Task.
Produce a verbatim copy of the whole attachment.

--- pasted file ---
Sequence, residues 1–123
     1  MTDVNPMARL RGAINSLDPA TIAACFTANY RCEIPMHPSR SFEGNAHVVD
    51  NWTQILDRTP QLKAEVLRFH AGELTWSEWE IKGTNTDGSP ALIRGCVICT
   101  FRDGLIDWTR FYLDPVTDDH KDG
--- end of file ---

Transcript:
Sequence, residues 1–123
     1  MTDVNPMARL RGAINSLDPA TIAACFTANY RCEIPMHPSR SFEGNAHVVD
    51  NWTQILDRTP QLKAEVLRFH AGELTWSEWE IKGTNTDGSP ALIRGCVICT
   101  FRDGLIDWTR FYLDPVTDDH KDG